Wales gets new walking and cycling strategy while Sustrans targets commuters

Sustrans launches bi-lingual Active Travel toolkit aimed at boosting Welsh cycle commuting

by Tony Farrelly   February 23, 2009  

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Wales gets a new walking and cycling strategy this morning and to coincide with it Sustrans launches a bilingual Active Travel workplace toolkit aimed at helping Welsh employers to improve their health and productivity by walking or cycling to work.

The two events were combined at a launch this morning at the Wales Millennium Centre in Cardiff where the Minister for the Environment and Sustainability Jane Davidson AM and Minister for Transport Ieuan Wyn Jones AM announced the new strategy and chatted to Millennium Centre staff about their daily commutes.

It follows the charity’s support of staff travel plans at the Wales Millennium Centre, which has seen novice cyclists take part in cycle training, team up with more experienced cycling colleagues on their journey to work and buy their own bike in a tax free scheme. Its new pool bike scheme will also be launched today.

Leonie Wallace Head of Visitor Services, who runs the Wales Millennium Centre’s bike user group, said: “It has been fantastic to draw on Sustrans’ expertise on how to encourage people to get to work in an active way.

“Many of our new cyclists would never have considered using a bike to get to work before so it’s great that they are giving it a go and seeing the benefits.

“People have had various motivations - whether it’s fitness, the cost of driving or simply not wanting to get stuck in rush hour traffic.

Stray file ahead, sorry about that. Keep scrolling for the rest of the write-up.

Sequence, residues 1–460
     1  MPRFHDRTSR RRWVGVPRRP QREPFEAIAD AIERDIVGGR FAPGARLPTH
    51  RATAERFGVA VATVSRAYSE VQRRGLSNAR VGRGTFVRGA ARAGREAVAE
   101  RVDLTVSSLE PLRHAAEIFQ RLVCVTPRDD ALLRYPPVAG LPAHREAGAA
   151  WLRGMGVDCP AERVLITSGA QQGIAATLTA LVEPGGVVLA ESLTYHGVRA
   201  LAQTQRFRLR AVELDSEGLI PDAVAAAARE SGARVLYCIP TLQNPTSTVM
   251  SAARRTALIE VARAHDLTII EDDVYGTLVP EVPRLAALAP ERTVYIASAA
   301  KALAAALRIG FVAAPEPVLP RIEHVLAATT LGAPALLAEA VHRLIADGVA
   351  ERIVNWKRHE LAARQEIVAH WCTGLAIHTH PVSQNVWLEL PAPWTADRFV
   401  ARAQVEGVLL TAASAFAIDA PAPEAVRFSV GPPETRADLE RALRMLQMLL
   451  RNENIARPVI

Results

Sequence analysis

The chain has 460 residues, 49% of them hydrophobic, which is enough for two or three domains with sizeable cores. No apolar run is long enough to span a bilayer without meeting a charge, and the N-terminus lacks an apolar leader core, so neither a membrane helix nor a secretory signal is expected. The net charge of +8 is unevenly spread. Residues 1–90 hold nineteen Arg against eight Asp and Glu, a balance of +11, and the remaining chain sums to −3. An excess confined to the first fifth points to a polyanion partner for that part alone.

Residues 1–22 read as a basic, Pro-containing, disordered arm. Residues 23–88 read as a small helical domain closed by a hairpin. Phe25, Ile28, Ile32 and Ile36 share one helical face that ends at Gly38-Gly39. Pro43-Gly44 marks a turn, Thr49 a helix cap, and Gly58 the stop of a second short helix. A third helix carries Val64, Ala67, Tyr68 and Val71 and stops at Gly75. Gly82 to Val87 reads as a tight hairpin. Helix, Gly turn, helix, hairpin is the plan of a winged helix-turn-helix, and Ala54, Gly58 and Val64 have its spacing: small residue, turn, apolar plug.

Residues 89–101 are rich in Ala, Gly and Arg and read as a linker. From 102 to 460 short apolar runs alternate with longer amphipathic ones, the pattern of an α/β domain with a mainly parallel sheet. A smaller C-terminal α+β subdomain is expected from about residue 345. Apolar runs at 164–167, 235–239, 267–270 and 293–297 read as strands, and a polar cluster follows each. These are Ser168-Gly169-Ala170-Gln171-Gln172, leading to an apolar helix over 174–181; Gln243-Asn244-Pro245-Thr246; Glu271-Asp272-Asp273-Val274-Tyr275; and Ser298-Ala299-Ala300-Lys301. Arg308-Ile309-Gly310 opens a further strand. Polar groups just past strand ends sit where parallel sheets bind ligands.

“Personally, I find it great fun being on a bike and I feel really energised when I arrive at work. The health benefits of cycling to work become so apparent very quickly and it’s easy to get around Cardiff because it’s flat and has plenty of cycle tracks.”

Commenting on the launch of the Welsh Government’s Walking and Cycling stragety, Welsh Transport Minister, Wyn Jones said: “More walking and biking in Wales is a win-win situation on all fronts. It will ease congestion, lower emissions and address growing obesity levels. If levels of activity increase we will have a healthier nation. Surveys show that 57% of adults in Wales are either overweight or obese. We can transform this through making changes to our daily lives.”

Ms Davidson said: “The truth is too many of us still opt to take the car when we could walk or cycle. The car is still king in Wales, with the majority of journeys being less than five miles long. This plan aims to change that. We want to enhance and link up cycle routes on an all-Wales basis and support communities to make a difference. Importantly, we want to change people’s behaviour and attitudes.

“More walking and cycling will mean a healthier Wales, but also be good for the environment. Making more trips by bike or on foot will mean fewer cars on the road, lower carbon emissions and will contribute to our fight against climate change.”

The Sustrans’ toolkit includes evidence of the need for active travel. Currently only 36% of men and 22% of women in Wales get the recommended minimum of 30 minutes of physical activity five days a week. Employers benefit from reduced absenteeism and increased productivity of an active workforce. During 2007, 172 million working days were lost to the British economy due to sickness absence, at a cost of £20 billion to business and the public sector.

The toolkit - which can be ordered or downloaded at www.activetravelcymru.org.uk/toolkit - also shows how other organisations have encouraged staff to travel actively to work including Denbighshire County Council, Singleton Hospital, Cardiff Council, Wales Centre for Health and Flintshire Council.